a man chooses

I’m still in line-edit limbo.  I could be getting on with other projects but I suspect my brain might explode if I try to think about anything that isn’t Glitterland.

So I shall blog ad tedium.

I recently bought Bioshock Infinite for myself as a sort of “no reason, you’re a grown man, you can spend your own money on whatever you like” sort of reward.  And, alas, I am not gripped.  I am in a state of non-grippedness.  I am, in fact, completely smegging ungripped.

And I feel like a whinger because everybody keeps writing about how super-amazing-awsome the whole thing is.  I’m also a little bit sad because I may have to acknowledge my relationship with video games is changing or has changed. Or, y’know, something.  I just honestly don’t have the time any more, which is a sad incitement err … indictment of being a nominal grown up if I ever heard one, and I’m starting to wonder if I have the patience.

I think I’m buying games out of habit. And substituting buying them for, well, playing them.

The only games I’ve actually finished in the past few years have been pretty linear first person shooters or otherwise action-centric things.  Well, I’m not sure how you’d characterise Dishonoured. First person stabber? Or in my case, first person sneaker.  But my heart – I’m sure – still belongs to RPGs.  I mean I’m one of those wanky gamers who are in it for the story, man, the story.  Well, I’m in for the story AND the gameplay, otherwise I’d just read a book.

But finding 30-50 hours to pour into a game is borderline impossible these days.  And then I just stare at my ridiculously vast Steam library of half-finished games, and feel simultaneously depressed and frustrated.  Well, in a very minor way. I mean, talk about small violins. OMG, it’s terrible, my Steam library is too extensive and my life too full of interesting opportunities.  Woe is me.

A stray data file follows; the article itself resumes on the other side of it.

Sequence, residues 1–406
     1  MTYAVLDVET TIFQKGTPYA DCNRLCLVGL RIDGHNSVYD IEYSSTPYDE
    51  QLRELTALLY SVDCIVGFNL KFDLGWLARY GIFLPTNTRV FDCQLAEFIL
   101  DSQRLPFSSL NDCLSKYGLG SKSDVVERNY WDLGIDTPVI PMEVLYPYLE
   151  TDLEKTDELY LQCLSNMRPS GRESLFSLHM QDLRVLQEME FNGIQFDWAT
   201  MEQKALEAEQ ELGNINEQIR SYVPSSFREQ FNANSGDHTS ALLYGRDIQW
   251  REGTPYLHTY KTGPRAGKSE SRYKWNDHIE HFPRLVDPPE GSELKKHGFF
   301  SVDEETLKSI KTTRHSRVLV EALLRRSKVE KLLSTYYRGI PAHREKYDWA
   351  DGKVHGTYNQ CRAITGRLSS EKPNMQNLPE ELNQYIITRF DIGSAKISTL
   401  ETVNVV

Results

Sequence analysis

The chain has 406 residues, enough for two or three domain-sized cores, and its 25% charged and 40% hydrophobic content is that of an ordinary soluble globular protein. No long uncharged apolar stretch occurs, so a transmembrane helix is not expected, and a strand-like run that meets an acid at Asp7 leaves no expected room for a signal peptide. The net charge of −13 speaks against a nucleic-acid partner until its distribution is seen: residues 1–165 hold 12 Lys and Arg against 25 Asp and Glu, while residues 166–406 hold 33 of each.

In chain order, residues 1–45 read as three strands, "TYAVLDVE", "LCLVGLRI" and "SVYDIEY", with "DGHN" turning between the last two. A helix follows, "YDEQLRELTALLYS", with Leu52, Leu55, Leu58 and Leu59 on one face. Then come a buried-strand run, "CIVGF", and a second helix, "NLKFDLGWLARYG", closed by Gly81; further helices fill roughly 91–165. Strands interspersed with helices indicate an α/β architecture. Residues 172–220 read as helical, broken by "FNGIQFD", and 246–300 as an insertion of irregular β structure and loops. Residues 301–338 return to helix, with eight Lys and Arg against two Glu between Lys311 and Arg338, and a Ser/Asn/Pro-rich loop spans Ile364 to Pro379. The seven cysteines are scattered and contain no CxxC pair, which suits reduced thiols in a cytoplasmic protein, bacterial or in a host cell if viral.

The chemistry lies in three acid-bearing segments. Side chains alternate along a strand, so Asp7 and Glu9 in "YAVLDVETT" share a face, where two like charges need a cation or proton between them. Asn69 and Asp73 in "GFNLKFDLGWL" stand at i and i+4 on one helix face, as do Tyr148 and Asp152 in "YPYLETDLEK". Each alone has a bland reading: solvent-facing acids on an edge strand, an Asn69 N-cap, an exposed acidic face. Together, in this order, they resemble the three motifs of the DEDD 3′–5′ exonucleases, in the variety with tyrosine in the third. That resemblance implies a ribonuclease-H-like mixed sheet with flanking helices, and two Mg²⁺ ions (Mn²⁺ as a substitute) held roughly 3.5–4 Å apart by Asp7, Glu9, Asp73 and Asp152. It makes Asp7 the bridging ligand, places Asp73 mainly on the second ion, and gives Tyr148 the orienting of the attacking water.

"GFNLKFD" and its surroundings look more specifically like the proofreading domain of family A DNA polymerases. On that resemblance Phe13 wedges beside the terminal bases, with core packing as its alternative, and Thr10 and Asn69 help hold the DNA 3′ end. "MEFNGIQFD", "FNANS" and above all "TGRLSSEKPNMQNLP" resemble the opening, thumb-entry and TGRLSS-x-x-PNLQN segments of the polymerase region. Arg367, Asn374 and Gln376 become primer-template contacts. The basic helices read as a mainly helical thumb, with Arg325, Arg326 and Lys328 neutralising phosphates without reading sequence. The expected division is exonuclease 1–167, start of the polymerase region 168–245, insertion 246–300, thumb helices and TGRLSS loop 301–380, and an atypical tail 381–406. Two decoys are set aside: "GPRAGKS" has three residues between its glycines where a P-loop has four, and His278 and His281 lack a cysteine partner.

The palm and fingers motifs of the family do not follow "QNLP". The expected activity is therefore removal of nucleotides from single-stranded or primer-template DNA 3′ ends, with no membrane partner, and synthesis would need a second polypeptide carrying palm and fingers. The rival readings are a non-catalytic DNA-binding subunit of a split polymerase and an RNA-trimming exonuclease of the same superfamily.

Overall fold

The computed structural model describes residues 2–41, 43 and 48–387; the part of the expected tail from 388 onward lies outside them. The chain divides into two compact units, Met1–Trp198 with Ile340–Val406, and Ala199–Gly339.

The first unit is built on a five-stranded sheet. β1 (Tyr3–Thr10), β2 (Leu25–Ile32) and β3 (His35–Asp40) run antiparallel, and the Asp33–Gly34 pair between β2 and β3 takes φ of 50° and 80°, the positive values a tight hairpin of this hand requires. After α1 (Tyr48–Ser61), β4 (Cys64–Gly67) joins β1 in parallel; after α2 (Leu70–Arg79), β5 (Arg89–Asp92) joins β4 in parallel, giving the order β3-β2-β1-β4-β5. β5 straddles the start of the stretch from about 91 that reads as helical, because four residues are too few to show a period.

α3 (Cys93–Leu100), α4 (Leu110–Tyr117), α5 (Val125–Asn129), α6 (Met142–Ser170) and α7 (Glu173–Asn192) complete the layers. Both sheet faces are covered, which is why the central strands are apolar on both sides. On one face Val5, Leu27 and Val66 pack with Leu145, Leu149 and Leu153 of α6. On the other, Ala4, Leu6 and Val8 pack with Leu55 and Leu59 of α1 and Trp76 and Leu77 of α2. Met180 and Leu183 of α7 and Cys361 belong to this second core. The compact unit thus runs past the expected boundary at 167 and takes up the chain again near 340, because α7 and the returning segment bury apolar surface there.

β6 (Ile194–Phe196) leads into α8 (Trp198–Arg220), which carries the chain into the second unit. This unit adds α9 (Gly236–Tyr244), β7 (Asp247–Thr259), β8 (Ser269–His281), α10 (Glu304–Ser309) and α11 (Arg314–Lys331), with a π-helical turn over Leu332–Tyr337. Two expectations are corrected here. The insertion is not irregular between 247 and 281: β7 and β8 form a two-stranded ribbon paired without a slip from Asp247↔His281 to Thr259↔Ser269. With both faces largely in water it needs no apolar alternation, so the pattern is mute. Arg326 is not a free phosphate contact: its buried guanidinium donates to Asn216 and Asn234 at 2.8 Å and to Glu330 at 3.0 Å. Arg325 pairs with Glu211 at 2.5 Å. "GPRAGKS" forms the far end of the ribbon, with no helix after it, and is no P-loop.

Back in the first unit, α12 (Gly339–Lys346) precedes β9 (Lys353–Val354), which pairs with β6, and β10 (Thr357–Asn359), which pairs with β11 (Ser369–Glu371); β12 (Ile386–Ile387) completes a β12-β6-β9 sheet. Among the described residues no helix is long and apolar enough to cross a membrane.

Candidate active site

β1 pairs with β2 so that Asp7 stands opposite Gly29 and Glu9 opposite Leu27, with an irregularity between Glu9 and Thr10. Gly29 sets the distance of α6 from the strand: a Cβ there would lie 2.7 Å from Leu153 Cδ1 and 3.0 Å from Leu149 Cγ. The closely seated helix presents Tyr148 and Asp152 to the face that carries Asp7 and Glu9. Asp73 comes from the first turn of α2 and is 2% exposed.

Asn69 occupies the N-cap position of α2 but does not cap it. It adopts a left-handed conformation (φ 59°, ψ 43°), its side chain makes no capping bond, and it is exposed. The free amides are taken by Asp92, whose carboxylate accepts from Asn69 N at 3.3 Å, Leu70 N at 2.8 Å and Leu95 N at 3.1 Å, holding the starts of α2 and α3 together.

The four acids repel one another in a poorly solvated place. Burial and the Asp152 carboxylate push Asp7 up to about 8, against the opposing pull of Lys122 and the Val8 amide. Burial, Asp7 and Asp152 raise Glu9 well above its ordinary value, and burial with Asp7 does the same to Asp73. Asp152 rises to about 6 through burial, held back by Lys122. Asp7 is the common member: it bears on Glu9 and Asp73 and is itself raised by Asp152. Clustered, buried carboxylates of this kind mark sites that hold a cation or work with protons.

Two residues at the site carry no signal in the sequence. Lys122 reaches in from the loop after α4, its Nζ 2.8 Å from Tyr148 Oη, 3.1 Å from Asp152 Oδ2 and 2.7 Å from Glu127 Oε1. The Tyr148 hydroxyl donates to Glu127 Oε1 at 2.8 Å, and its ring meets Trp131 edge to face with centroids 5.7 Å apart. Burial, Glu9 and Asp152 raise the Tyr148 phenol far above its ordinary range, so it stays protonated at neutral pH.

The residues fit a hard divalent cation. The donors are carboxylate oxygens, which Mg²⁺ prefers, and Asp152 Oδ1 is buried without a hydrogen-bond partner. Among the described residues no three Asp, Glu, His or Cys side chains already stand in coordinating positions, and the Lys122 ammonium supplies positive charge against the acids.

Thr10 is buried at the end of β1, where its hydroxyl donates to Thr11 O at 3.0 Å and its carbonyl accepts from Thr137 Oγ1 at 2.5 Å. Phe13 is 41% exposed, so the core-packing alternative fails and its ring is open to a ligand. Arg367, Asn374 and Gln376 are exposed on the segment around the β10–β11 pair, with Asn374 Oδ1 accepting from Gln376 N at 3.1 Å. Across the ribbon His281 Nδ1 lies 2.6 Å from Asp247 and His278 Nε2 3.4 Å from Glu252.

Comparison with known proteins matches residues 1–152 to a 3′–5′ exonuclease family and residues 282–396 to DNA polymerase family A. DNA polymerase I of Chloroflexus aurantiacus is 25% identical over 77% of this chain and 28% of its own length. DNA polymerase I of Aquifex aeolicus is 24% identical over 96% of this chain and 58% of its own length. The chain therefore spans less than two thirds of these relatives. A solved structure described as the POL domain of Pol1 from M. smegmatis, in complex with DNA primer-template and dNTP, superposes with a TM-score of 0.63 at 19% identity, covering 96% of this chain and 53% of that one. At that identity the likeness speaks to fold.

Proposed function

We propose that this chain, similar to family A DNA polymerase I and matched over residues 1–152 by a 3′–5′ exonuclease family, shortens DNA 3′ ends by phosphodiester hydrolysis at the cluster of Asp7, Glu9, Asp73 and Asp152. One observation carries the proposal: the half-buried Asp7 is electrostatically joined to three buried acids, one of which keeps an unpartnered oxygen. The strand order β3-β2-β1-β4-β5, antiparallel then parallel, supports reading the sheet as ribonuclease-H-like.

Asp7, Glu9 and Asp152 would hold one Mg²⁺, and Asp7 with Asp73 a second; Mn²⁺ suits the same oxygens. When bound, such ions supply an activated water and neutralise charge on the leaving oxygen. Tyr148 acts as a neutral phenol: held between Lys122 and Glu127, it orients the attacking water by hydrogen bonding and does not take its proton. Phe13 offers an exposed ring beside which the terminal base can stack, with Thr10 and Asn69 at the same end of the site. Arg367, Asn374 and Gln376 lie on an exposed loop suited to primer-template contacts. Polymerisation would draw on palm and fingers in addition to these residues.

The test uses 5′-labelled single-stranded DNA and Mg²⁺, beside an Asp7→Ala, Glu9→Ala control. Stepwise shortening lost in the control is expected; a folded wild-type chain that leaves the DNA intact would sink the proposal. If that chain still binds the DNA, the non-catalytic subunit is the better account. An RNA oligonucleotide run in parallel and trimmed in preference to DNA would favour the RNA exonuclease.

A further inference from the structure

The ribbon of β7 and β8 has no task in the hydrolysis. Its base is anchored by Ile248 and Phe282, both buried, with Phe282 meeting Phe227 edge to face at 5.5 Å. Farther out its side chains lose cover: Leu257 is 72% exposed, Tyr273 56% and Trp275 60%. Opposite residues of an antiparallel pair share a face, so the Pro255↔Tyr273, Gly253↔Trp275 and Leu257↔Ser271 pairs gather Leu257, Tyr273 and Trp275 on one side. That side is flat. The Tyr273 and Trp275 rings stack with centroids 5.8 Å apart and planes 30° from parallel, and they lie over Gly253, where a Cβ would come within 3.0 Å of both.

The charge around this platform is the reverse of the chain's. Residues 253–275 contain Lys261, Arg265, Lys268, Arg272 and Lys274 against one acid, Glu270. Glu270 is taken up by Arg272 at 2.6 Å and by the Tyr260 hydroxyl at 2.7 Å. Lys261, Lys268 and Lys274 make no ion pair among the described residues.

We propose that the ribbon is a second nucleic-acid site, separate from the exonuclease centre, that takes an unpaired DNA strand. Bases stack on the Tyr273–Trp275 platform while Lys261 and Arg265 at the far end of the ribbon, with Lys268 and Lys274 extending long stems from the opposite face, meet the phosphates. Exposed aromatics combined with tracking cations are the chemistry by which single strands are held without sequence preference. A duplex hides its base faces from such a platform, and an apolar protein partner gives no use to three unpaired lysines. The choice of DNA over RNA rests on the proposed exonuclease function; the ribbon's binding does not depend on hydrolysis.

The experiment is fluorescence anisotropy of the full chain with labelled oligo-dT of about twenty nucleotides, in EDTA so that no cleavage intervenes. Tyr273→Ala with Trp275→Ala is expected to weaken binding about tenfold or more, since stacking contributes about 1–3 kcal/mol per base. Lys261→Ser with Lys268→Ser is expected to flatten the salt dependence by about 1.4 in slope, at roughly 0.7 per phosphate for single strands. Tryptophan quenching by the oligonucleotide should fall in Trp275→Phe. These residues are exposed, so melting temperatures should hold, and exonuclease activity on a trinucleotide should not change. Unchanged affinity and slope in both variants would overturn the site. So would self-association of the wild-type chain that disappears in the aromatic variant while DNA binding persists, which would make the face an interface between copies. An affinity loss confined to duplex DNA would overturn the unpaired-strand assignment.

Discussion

Obviously I’m not very interested in the broad sweep of FPS games – the ones where you go to exotic locales, equipped yourself with an extensive repertoire of heavy weaponry and shoot people who are different colour to you for no readily apparent reason.  Because it’s war.  And that’s what happens in war. Or whatever.  But, when there’s something more going on than, I really like knowing that not only the story but the entire experience can be packed up and presented to me in about 8 hours.

So, I’m a big fan of the original Bioshock. I mean I don’t think it’s necessarily great art but then I’m not sure what IS great art.  But it’s imaginatively and intellectually engaging, and I’m kind of a sucker for PLACE, if that makes sense.  It’s the same with books, to be honest.  I don’t want a million gazillion pages of intensely detailed description (New Crobuzon, for example, was way too much for me) but I love it when you feel like you’re inhabiting somewhere, not just a textual space.  But one of the things that really draws me to computer games is the ability to not only see, but be part of, a world.  Like, galloping over the ice-plains of Skyrim, beneath the bare blue sky, you can sometimes feel genuinely chilly.  And Bioshock, of course, had Rapture, it underwater objectivist Dystopia.

Hell yes.

Graphics have moved on a bit since, but I still remember the place like I’ve actually been there.  The glittering blue-green cityscapes.  It’s glass-and-gold palaces.  And the ruined splendour of it all.  Columbia, by contrast, is a flying city – which ought to be just as breathtakingly cool, but somehow isn’t.  To me, anyway. They reflect the same sort of hubris, but the story of Columbia is massively less engaging.